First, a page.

Holy Spirit Cathedral
A stone’s throw from the Svislach is Holy Spirit Cathedral, located in one of the more upmarket areas of the city.
It was completed in 1642 as part of the larger Bernardine monastery and was damaged by a fire 99 years later before undergoing reconstruction.
The central cathedral of the Belarusian Orthodox church is frequented by some of Minsk’s most devout Christians.
The outside is just as beautiful as its innards, making it one of the city’s most recognisable symbols. They even welcome visitors, too, even at the busiest of times, so make sure to take your camera along!
National Library of Belarus
Looking more like the Death Star from Star Wars than a centre for resource and learning, the National Library of Belarus houses the largest collection of Belarusian printed materials in the world.
The 73-metre high building is located outside of the city centre in the northeast sector of the city, and will require a 15-minute Metro ride to its nearest station – Uschod.
The library has 8.6 million items of various media poured over by 2,000 people each day. At night the building exhibits LED lights and stands apart from the rest of the city.
Aside from its main purpose, the library has a touristic element with its observation deck. Visitors can take the panoramic elevator up to the roof where they will find views over the surrounding area along with two large binoculars – the use of which incurs no extra charge.
Price: A ticket for an hour up on the observation deck is 3 BYR, with discounts for students, children and groups.
Opening hours: The observation deck is open every day from 12:00 to 23:00, and last ascent is half an hour before closing.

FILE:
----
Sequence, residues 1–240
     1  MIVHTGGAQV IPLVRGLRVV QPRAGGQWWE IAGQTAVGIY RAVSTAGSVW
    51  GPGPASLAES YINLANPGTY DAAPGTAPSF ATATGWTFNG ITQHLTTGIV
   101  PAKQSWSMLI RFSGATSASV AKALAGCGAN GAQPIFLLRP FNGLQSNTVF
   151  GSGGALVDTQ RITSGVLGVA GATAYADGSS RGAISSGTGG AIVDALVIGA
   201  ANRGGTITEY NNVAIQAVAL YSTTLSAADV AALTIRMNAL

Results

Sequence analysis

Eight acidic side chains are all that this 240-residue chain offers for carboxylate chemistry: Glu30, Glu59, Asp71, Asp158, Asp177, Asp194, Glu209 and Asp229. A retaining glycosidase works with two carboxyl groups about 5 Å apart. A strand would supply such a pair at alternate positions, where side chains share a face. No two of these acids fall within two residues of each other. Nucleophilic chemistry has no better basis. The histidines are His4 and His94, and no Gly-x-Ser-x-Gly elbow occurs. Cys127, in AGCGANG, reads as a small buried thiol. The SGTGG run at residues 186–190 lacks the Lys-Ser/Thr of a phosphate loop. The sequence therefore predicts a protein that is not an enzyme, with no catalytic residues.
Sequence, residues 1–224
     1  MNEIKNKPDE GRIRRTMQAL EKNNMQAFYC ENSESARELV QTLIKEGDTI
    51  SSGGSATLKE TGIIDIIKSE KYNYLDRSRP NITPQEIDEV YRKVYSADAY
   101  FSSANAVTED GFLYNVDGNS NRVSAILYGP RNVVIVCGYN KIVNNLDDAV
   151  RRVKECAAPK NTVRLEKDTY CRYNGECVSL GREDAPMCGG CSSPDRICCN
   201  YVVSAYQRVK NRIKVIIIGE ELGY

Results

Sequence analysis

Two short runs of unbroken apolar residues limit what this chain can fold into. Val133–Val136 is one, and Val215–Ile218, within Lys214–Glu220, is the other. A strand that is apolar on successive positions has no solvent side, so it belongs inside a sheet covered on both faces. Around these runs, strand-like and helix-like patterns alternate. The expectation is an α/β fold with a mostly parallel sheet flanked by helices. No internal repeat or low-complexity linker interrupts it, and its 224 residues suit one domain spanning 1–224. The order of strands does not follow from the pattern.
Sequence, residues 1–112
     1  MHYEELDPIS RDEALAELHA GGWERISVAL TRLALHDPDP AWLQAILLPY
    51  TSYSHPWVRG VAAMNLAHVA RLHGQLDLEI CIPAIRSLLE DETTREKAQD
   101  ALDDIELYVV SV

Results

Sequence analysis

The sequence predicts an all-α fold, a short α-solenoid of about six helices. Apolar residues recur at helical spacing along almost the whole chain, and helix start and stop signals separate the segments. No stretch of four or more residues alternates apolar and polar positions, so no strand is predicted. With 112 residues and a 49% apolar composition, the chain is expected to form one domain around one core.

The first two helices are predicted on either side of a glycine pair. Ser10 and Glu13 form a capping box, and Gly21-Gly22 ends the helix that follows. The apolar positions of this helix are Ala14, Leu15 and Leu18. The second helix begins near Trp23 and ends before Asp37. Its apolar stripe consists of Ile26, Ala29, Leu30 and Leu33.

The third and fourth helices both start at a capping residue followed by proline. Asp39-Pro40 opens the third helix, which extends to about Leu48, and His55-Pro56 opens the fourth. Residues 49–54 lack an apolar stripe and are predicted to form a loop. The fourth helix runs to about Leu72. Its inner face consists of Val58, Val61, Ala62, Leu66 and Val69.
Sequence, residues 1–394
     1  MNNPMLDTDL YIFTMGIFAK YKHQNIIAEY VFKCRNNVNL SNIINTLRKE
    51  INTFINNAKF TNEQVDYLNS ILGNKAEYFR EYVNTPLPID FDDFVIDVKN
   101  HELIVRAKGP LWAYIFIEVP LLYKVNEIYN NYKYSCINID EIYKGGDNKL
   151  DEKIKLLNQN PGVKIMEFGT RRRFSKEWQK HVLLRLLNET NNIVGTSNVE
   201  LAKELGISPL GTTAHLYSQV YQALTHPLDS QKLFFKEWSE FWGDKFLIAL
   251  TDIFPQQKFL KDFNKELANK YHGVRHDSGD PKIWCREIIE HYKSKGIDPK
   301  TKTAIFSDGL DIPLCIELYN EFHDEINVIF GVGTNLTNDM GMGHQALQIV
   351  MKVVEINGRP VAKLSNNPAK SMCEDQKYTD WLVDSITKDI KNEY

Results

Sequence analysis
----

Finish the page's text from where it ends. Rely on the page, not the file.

There are three main entry points into Belarus – plane, train or bus. Minsk National Airport serves over 45 destinations across 14 airlines, and homegrown airline Belavia fly directly from Gatwick Airport in London.
To get from the airport to the city centre the number 300 or 173 buses and shuttle buses 1400-TK1430-TK are cheap ways to reach the main interchange. As Belarus is an inexpensive country, taxis are also feasible, but will cost considerably more than a single ticket on public transport.
You can enter from any of the surrounding countries by train as well, although we opted to take the Eurolines coach from Vilnius, Lithuania to Minsk which took about three-and-a-half hours each way, including border control, booked through Lux Express.
The cost for a return journey fell just short of €25, and flying to Vilnius via Ryanair then getting the bus to Minsk turned out to be considerably cheaper than flying directly, plus we got to check out one of my favourite cities again!
Where to stay
We stayed at the three-star Sputnik Hotel, which for a twin room for two nights set us back the grand total of £76 between two people. It is located in the southwest quadrant of the city and was approximately a 20-minute walk from the nearest Metro station, and a further 10 minutes to either Independence Square or the central station.
There are plenty of other hotels located more centrally, and those looking for something more familiar may be encouraged to know that there is a Hampton by Hilton, Renaissance Hotel and DoubleTree all in the centre of town.
There are plenty of cheaper alternatives, and more traditional accommodation like Sputnik Hotel gives off a more historically cultural experience (a nod to the prim and properness of an aging communist-style hotel). I use Booking.com and Hotels.com to look for cheap rooms, though Airbnb and Couchsurfing are alternatives.
Eat and drink
One of the slightly negative points about Belarus is the language barrier. By and large they aren’t a nation of English speakers, and this will be reflected when it comes to eating out.
Many restaurants, especially local ones, won’t have English menus, nor will be able to assist with verbal translations.
However, there are some exceptions to this rule. We ate at Gastropub Gambrinus, known in the city as ‘the English speaking place.’ Although the servers’ vocabulary is limited, they do have English food lists and ordering is straightforward. There’s plenty of pub grub to be enjoyed, as well as local cuisine such as machanka (pork stew), dranki (potato pancakes) and babka (baked grated potato pie).